Home / News / Shots opened following victory celebration for Chiefs’ third Super Bowl title in five seasons – Chicago Tribune

Shots opened following victory celebration for Chiefs’ third Super Bowl title in five seasons – Chicago Tribune


The shots were fired minutes after Kansas City Chiefs players were sworn in for their third straight Super Bowl title.

While ambulances intervened in the footage, the police advanced towards the area with their guns drawn. No details were immediately released.

Downtown Kansas City was bathed in red Wednesday for Valentine’s Day as Chiefs fans celebrated their third Super Bowl title in five seasons with a parade.

“We’re piling up trophies,” linebacker Drue Tranquill said as he grabbed a reporter’s microphone to celebrate the Chiefs’ 25-22 come-from-behind victory over the San Francisco 49ers during Wednesday’s festivities.

As players moved through the crowd, confetti cannons exploded from double-decker buses as DJs and drummers heralded their arrival. Crowds lined the route as fans climbed trees and street poles or stood on rooftops for a better view. Owner Clark Hunt was also in one of these buses, holding the Lombardi Trophy. Former “Modern Family” star Eric Stonestreet was part of the mafia.

“The best fans in the world,” exclaimed wide receiver Mecole Hardman, who caught the winning pass as he walked along the route where players signed jerseys and with at least one person’s head in tow.

“Never stop,” Isiah Pacheco added, running the route.

The question on many fans’ minds is whether pop superstar Taylor Swift will join boyfriend Travis Kelce for the parade and victory speeches. Swift did not comment. He has a show in Melbourne, Australia, on Friday night, the first of three concerts planned on his Eras Tour.

He was nowhere to be seen early in the parade. Instead, Kelce was joined by her mother, Donna Kelce, the superstar of NFL moms (her oldest son, Jason Kelce, is a center for the Philadelphia Eagles).

In the 60s Fahrenheit, unseasonably warm weather caused players to take off their jerseys. Weather conditions also helped draw a crowd that city officials estimate could exceed 1 million.

“I missed it last year. I said, ‘I’m not missing it this year,'” said longtime fan Charles Smith Sr., who flew from his home in Sicklerville, New Jersey, for the parade.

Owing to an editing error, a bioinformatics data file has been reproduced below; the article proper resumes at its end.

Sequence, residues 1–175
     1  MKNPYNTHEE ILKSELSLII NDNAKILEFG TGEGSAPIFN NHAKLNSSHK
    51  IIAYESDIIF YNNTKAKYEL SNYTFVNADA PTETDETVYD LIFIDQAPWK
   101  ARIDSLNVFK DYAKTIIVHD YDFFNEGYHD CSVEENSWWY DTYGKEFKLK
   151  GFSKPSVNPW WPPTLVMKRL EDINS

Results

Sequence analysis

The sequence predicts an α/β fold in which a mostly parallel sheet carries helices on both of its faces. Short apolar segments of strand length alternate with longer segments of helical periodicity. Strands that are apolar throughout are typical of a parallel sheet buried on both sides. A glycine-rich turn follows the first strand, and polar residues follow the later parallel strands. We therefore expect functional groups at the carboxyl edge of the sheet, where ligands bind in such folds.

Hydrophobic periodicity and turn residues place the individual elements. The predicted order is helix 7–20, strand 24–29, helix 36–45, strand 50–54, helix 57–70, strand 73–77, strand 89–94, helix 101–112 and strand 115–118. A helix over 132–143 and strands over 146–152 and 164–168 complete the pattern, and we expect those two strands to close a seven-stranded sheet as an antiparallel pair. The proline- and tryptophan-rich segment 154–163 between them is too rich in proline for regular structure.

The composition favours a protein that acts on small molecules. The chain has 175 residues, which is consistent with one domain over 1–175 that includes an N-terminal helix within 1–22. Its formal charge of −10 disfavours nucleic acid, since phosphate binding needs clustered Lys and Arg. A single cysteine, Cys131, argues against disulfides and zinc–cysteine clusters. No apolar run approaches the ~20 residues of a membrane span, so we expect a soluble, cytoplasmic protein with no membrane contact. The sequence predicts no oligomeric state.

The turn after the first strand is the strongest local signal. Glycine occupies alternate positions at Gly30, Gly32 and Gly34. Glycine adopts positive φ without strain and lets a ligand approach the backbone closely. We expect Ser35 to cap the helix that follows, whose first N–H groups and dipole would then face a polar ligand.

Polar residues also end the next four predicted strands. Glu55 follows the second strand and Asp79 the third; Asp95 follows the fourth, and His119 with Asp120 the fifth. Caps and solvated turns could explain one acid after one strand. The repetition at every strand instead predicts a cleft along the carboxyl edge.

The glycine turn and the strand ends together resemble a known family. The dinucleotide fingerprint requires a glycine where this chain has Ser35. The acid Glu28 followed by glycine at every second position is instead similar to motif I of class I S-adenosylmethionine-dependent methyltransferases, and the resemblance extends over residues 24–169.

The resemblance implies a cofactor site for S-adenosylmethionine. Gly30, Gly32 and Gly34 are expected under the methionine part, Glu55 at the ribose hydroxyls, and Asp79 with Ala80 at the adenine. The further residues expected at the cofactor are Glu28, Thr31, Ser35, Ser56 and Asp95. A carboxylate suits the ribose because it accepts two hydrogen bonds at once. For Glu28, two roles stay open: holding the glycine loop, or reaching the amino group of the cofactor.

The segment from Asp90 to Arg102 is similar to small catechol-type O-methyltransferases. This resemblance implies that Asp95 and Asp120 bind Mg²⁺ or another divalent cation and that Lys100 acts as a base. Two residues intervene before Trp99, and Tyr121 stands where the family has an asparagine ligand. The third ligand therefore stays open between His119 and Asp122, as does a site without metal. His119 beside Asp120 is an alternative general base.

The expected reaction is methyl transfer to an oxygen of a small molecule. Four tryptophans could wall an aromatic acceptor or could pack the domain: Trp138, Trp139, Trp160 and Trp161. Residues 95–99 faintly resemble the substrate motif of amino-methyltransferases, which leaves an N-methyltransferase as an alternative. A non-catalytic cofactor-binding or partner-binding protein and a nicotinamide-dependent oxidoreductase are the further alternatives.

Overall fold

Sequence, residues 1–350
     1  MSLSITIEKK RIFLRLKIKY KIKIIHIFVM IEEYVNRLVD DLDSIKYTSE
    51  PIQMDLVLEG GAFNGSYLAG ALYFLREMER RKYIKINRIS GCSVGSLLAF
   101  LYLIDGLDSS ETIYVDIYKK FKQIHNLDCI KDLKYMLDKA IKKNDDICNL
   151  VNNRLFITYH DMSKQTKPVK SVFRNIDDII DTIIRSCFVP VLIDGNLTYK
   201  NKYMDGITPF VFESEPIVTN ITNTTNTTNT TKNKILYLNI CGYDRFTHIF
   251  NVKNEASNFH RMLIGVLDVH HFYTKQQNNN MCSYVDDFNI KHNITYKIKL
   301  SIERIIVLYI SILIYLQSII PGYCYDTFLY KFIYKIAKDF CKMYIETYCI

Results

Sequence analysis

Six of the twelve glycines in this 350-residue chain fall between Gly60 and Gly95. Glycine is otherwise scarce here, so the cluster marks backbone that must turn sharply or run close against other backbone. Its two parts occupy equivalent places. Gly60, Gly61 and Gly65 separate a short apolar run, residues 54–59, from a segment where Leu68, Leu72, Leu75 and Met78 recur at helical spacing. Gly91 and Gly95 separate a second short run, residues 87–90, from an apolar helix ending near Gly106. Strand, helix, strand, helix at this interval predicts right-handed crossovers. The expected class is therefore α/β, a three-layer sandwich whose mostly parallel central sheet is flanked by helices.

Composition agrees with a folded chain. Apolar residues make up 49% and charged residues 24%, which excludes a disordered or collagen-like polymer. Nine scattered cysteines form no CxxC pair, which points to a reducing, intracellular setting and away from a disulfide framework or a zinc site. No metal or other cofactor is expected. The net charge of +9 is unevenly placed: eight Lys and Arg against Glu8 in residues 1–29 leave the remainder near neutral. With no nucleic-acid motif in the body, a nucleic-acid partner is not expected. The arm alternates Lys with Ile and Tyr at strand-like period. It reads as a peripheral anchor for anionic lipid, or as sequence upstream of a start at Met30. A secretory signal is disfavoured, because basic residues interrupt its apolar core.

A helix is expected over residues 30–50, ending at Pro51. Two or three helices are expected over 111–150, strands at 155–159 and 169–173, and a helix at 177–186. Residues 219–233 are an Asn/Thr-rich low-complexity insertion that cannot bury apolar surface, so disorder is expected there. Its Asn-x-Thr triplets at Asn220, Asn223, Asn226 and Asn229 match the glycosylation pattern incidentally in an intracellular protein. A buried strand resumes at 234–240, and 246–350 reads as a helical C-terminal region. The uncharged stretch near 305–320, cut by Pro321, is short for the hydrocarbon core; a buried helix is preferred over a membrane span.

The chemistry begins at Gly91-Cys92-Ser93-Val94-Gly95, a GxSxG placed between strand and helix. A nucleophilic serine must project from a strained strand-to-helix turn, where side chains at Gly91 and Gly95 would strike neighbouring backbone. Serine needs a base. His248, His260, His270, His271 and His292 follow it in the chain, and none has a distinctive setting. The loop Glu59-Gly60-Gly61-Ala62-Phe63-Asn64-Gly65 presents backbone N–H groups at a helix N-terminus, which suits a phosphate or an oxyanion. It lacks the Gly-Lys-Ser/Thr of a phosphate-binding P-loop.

The 52-year-old, known to his friends as Kansas City Smitty, became a first-time Chiefs fan and Christian Okoye served as a fullback for the team since the late 1980s.

“I have a history with this team,” he said, adding that when the Chiefs clinched the victory in overtime, he ran from his house with a giant flag and shouted “Kansas City.”

The city and the team each donated nearly $1 million for the event, which commemorates Kelce, Patrick Mahomes and the Chiefs becoming the first team to defend their title since Tom Brady and the New England Patriots two decades ago.

Some fans camped overnight and others began scouting spots before dawn to catch the best viewing spots. Bailey McDermott, 17, and Gracie Gilby, 16, of Lebanon, Missouri, woke up at 3 a.m. for the three-hour drive to the parade. They threw a party to watch the game, and confetti exploded when the Chiefs won.

“I ended up going a little crazy,” said Gilby, wearing Kelce’s No. 87 sequined Chiefs jersey. McDermott also had a sequined jersey, his jersey bearing Mahomes’ number 15.

Many of the area’s largest school districts have canceled classes, and businesses along the parade route are turning the day into a viewing party for their employees. Police Chief Stacey Graves said at least 600 Kansas City police officers will be stationed along the 2-mile route.

Teenagers and younger children were everywhere; Some were playing football, while others were watching highlights of the match on giant TV screens.

Among them were Elysseah Buford and her friend Devaun Burns, who watched the game while picking up an order at McDonald’s. “They were losing. We’re losing,” Buford recalled saying. But even though a manager declared the game a lost cause, Burns rebuked him: “I said, ‘Don’t talk.’ Believe it.”

The 18-year-old high school seniors from Raymore attended the festivities with another friend, 17-year-old Mekiyzeion Williams. Williams had the nerve to ask what would happen if Hardman missed the TD catch. “Shut up,” Burns said.

The city, which has not had a championship for decades, is gaining experience with victory parades. Five seasons ago, the Chiefs defeated the 49ers to win the team’s first Super Bowl championship in 50 years. This came after the Kansas City Royals won the World Series in 2015, the city’s first baseball championship in 30 years. That year, fans left their cars on the side of the highway so they could walk to the celebration.

Then last year the Chiefs defeated the Philadelphia Eagles 38-35 and prophetically promised they would be back for more.

One of the biggest changes this year is that the parade starts an hour earlier, at 11 a.m., so the crowds can disperse before the Valentine’s Day dinner crowd shows up.

After the big clean-up, the team is getting ready to try again.

Before joining the celebration, Kansas City Mayor Quinton Lucas posted on X, formerly known as Twitter, “It never gets old.”


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